Masterminds is the summation of the strangest cinematic formula imaginable. You know director Jared Hess from such quirkiness as Napoleon Dynamite and Don Verdean, which he wrote alongside his wife Jerusha. You’ve witnessed how far off the beaten path his vision wanders, and you’ve probably sat there dumbfounded by the likes of Napoleon’s family and Nacho Libre. So what does Relativity Media do with such an individualistic filmmaker, who seems more comfortable writing his own material? Give him a ready-made script penned by three fairly fresh writers, cast A-list names and attempt to restrain Hess’ awkwardness for mainstream success. What could possibly go wrong?
Well, much like the actual bank heist Hess’ film is based on, everything.
Zach Galifianakis stars as Loomis Fargo security guard David Ghantt, who’s described as the lovechild of “Kenny Rodgers and Kenny Loggins.” His dreams of an exciting professional career that involves fighting off robbers ends up turning into a reality of driving money around, until ex-partner Kelly (Kristen Wiig) offers David the payday of a lifetime. Local scumbag Steve (Owen Wilson) hatches a plan to rob David’s armored transport company, and Kelly convinces David to be their inside man. David agrees – mainly to please Kelly – and before you know it, the bumbling nice guy is driving away with $17 million and a plane ticket to Mexico. Unfortunately, Steve has other plans for their partnership once the fuzz starts asking questions (lead investigator played by Leslie Jones), which unknowingly starts a war between dumb and dumber.
The reality is, audiences are currently stuck in this laughless vortex of immature, dumbfounding mainstream comedies that have done away with mechanics such as wit, intellect and even the smallest semblance of ambition. Masterminds is no different, enticing viewers with comedic riffs off poop jokes and redneck misunderstandings. Ever wanted to see Zach Galifianakis shart in a pool (on camera, at least)? Masterminds is your savoir. Honestly, Hess’ “Jason Boring” feels like a trailer-trash MacGruber spinoff, right down to funny drawings by its lead, more bad Wiig singing and super-throwback technology jokes.
A 1997 “Hicksville,” North Carolina setting means aesthetics reflect an even older 80s reality, mixed with Ghantt’s armband CD holder (a sleeve of 10 CDs where an iPod might rest) and terrible mullets/bangs all around. Those are the jokes. “Look how old-school and mindless these guys/gals are!” Stupidity reigns supreme, as three different writers plot notes like “David throws money in van. David tries again and misses. He misses four more times. Then he steps in a bucket and falls. Haha, what a silly man!” – or that’s how I assume the Masterminds script reads. Slap noises, details about exaggerated facial hair and enormously exaggerated truths. This is something that Hess cannot correct through direction, and we’re left with a wonky mixture of unrealistic absurdity that tells a very-real crime.[zergpaid]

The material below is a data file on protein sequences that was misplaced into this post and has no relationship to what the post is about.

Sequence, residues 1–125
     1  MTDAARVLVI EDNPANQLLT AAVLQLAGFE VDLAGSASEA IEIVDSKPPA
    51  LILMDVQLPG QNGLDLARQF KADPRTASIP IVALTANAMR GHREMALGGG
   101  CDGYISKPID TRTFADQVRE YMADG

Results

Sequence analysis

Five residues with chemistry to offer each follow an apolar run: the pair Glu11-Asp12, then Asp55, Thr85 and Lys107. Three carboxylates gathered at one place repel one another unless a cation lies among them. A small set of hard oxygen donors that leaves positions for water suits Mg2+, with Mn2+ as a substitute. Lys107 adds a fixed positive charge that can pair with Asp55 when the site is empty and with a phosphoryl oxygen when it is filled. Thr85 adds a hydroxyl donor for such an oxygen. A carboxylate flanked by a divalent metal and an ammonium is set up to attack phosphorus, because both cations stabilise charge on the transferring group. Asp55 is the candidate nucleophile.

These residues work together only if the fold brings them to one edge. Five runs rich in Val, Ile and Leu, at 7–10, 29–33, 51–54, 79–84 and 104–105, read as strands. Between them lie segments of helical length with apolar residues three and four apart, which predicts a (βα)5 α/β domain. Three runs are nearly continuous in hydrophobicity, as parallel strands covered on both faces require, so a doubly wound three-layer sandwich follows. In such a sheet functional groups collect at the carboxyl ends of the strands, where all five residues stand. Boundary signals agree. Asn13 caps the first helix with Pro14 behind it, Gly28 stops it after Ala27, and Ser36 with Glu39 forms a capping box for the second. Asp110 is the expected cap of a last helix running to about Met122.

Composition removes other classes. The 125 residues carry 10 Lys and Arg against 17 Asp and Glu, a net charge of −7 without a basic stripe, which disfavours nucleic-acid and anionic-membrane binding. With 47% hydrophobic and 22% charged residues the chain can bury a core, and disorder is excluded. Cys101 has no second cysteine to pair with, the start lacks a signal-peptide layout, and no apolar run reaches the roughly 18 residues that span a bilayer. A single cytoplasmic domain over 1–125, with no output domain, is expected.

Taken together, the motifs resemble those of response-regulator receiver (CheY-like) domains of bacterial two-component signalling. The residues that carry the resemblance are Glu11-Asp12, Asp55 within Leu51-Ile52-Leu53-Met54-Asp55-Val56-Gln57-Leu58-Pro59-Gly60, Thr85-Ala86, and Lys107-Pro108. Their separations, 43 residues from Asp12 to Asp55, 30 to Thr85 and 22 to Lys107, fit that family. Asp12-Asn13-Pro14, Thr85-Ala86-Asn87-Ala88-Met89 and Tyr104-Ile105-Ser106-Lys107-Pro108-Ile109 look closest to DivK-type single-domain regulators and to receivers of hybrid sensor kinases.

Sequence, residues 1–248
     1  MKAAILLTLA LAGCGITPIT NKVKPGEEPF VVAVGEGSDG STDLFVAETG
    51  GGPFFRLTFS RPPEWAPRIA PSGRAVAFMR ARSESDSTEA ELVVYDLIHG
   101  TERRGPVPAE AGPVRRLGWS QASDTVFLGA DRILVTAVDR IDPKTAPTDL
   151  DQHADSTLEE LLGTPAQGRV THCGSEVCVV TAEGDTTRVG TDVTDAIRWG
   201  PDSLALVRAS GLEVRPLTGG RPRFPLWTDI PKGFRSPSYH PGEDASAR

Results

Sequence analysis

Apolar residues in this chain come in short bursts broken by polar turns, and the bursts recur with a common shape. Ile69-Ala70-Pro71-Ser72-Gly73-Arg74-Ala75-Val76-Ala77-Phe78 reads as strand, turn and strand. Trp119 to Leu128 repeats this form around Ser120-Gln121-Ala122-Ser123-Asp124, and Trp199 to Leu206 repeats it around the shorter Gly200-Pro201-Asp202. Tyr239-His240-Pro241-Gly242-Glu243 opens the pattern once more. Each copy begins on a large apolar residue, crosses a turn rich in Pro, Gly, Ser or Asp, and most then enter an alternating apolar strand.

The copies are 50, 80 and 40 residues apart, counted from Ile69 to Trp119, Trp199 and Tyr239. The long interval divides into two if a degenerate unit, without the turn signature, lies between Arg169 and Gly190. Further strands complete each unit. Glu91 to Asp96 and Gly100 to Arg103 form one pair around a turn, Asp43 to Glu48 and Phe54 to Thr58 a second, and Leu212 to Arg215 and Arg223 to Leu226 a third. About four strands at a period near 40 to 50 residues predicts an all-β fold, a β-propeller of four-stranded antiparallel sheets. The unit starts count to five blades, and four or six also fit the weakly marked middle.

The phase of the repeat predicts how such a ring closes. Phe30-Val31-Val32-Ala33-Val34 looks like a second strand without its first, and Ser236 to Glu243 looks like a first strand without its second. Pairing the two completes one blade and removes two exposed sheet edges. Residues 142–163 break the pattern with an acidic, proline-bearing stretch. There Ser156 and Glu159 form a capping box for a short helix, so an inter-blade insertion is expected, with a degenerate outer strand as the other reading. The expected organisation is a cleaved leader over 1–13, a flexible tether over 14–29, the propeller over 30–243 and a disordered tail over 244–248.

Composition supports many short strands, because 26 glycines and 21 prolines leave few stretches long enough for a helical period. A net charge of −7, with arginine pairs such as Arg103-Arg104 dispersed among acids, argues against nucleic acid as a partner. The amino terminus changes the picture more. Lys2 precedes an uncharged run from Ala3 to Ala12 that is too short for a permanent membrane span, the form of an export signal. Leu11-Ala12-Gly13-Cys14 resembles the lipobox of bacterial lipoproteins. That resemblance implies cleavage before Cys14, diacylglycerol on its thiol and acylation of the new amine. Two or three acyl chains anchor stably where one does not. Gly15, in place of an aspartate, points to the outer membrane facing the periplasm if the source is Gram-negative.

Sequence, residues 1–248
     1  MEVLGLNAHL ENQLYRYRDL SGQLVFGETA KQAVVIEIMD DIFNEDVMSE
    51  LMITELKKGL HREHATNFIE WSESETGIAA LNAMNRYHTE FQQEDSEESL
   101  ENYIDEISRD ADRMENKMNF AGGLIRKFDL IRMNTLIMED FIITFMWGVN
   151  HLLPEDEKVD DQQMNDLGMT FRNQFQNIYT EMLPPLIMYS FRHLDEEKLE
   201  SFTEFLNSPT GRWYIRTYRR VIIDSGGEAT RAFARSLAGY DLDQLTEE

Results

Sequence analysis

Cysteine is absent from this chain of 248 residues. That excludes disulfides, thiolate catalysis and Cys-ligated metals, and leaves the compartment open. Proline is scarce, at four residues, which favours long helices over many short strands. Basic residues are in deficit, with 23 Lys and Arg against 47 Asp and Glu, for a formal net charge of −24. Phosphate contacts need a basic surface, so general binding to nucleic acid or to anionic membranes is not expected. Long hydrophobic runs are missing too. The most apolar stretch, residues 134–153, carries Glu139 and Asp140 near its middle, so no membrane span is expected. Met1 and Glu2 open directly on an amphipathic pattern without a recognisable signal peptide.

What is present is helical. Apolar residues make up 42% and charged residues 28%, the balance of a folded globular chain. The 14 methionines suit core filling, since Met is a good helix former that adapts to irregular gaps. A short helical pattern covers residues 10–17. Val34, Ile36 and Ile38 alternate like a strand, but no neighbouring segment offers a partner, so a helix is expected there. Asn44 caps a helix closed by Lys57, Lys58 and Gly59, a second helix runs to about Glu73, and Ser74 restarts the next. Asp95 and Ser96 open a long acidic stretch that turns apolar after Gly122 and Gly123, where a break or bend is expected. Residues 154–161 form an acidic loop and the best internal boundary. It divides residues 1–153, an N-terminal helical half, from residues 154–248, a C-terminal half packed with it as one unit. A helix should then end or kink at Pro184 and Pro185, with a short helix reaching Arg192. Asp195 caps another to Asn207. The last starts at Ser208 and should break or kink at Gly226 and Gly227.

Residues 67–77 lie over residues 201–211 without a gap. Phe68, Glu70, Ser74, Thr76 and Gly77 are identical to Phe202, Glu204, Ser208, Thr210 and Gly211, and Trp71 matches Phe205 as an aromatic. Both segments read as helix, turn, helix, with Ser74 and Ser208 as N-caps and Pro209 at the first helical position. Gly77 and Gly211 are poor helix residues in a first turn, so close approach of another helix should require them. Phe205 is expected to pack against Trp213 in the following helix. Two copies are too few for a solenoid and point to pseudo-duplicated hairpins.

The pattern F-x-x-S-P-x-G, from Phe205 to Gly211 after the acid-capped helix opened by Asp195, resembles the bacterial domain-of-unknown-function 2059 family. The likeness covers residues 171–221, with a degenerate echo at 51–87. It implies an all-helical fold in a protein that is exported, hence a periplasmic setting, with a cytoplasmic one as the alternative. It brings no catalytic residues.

Hess does manage to slip his signature silliness in wherever possible, yet not with a balanced touch. Essentially, Hess has one foot in the kiddie pool and one foot out, so as not to overload the senses on a Napoleon Dynamite level. Smaller details like Steve’s mermaid-themed party decorations (two strung-out, old hippies dressed in full mermaid costumes, sleeveless butlers) and David’s missing car door (replaced with hinged wood) exist on another plane, but a more mainstream stranglehold never allows Hess to fully embrace the height of his weirdness potential. Masterminds lives in this half-ass world between Hess’ brand of strange and a boring, vapid, not-so-secret agent comedy, never steadying its footing on either extreme. I hate using phrases like “a paycheck movie,” but that’s what Masterminds feels like more often than not – minimum effort in hopes of a maximum reward.
When I’m not laughing at Kristen Wiig, there’s an issue. Some of you might be done with Galifianakis’ empty-minded boyishness the minute his opening narration kicks in – that’s a fair argument. Others will give up on Galifianakis upon his formal introduction, as most jokes that follow are of a physical and follicle nature (LOL, HE HAS BAD HAIR). Those are expected when you give a wacky comedian nothing but awkward poses and blank stares to work with – but shame on Masterminds for wasting Kristen Wiig. The SNL alumni excels at standing out in more colorful roles, so of course she’s the straight-player amidst Hess’ team of numskulls. Remarks towards Leslie Jones are disappointingly means-spirited (continually called a man), Ken Marino is wheeled in for one scene to be shirtless and Kate McKinnon plays a more deadpan version of her Ghostbusters character, Jiillian Holtzman. Can anyone say wasted potential all around?
If you’re laughing at all throughout Masterminds, it’s probably because of Jason Sudeikis. His lone gunman represents everything that makes a Jared Hess character work – moronic ambivalence mixed with psychotic confidence – but he’s only one fish in a sea of floating corpses. Unfortunately, Hess’ influence merely flickers instead of shining strong and bright, which makes for a pseudo-true, and consistently idiotic heist film that fails to deliver much of anything. The only positive here is that at a brisk 94 minutes, it’s over before it ever begins – both a comment on length, and the film’s inability to tell a lasting, humorous story between a goofy beginning and an even goofier end.
Jared Hess is at his best when writing his own wacky stories, not when he's forced to strive for lowest-common-denominator laughs - like in Masterminds.